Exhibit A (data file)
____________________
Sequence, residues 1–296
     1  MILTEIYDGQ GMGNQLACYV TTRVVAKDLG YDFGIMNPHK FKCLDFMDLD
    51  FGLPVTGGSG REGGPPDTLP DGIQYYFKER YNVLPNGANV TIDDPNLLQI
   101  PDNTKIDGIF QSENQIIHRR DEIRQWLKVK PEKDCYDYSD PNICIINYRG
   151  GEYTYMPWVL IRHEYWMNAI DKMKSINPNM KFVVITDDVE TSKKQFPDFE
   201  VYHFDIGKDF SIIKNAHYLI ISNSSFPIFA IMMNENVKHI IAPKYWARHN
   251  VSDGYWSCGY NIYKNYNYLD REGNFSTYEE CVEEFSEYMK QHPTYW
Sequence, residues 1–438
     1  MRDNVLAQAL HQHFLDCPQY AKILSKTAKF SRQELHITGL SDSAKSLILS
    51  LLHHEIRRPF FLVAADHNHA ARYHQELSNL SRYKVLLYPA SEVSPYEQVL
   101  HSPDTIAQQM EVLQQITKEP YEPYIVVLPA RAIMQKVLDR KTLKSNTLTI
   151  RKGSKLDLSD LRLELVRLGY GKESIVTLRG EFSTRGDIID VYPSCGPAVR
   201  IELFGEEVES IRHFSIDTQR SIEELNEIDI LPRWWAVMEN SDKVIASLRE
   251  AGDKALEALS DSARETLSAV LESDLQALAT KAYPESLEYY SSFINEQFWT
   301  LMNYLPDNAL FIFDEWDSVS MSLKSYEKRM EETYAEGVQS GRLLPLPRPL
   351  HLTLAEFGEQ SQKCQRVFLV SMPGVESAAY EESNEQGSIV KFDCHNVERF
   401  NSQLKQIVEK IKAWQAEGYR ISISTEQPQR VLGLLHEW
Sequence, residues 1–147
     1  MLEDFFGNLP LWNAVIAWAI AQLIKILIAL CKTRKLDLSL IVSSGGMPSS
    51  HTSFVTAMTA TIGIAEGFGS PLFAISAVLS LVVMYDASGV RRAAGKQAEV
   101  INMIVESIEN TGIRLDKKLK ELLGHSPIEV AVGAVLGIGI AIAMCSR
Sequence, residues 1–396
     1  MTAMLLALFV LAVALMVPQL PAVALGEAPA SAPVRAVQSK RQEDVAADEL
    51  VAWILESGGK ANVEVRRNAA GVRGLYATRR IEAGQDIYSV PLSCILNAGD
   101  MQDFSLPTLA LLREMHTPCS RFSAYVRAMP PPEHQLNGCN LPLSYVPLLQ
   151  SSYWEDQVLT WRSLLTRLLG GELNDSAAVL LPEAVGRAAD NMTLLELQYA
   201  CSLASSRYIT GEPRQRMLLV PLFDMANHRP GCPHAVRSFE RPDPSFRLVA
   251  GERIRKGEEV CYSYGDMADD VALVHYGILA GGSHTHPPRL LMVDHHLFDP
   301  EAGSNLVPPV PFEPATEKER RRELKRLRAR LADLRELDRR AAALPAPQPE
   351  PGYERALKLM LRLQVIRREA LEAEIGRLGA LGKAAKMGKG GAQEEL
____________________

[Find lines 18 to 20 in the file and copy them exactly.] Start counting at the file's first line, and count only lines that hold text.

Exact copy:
Sequence, residues 1–147
     1  MLEDFFGNLP LWNAVIAWAI AQLIKILIAL CKTRKLDLSL IVSSGGMPSS
    51  HTSFVTAMTA TIGIAEGFGS PLFAISAVLS LVVMYDASGV RRAAGKQAEV